“I call it a ‘Latin Spring,’” he said, in reference to the 2011 Arab Spring that led to the toppling of autocratic regimes in the Middle East. “I say Latin because in France you’ve had enormous protests against same-sex 'marriage' and in Italy we have the March for Life, where we are of the same mind as the American March for Life. Each is characterized by being spontaneous, grassroots movements.”
Joseph Meaney of Human Life International, one of the march’s key supporters, said he’d been in touch with many people in France, and it’s “revolutionary” what is taking place there. “They’ve never had this big a mobilization,” he told the Register. “So it’s good; there’s a lot of ferment — there are a lot of attacks, too — but at the same time many people are waking up and realizing they need to take action.”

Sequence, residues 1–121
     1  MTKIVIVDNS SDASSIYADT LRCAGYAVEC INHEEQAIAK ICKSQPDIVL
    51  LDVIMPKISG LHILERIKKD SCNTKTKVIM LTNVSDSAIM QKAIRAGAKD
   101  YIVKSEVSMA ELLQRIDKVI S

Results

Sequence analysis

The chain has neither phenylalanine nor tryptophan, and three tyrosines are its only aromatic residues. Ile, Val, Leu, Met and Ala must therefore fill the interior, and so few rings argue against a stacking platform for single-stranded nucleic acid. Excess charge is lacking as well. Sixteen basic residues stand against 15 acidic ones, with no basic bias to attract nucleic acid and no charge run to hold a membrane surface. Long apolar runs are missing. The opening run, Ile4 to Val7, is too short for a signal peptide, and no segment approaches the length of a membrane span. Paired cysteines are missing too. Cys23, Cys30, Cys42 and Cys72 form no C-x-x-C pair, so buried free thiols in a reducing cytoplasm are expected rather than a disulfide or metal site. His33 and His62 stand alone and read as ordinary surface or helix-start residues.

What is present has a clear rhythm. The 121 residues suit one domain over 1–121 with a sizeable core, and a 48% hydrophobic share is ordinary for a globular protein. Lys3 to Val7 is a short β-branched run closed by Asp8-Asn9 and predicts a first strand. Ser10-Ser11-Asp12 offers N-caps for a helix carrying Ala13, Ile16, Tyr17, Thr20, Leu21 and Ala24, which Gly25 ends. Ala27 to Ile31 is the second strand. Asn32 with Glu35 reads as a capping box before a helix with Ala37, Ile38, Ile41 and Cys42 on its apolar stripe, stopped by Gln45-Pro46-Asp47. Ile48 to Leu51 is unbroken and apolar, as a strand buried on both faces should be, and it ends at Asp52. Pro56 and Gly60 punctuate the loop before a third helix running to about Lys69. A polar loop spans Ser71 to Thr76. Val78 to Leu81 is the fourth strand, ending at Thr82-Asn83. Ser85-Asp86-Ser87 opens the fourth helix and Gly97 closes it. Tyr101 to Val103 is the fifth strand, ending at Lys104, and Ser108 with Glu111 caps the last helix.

Heinz Huerzeler, secretary of the Swiss association Yes to Life, said the '60s generation is “getting older and older, and the young generation is starting to make a difference.” He was also particularly impressed by the lack of opposition at this year’s march, in contrast to a similar event that recently took place in Zurich.
Nicolo, a student from Florence, Italy, said he was confident the march would “send a strong signal” to politicians that increasing numbers of people are pro-life and that young people “are increasingly involved.” Many young people had come to this year’s march from all over Italy, he said.
Coda Nunziante, who was inspired to organize the march after the Washington March for Life, said she and her team hoped for such large numbers. “Our main goal is to have Italy’s abortion law repealed, to send this message to our politicians,” she said. “But, personally, I didn’t expect the march to grow at such a quick pace.”
Edward Pentin is the Register’s Rome correspondent.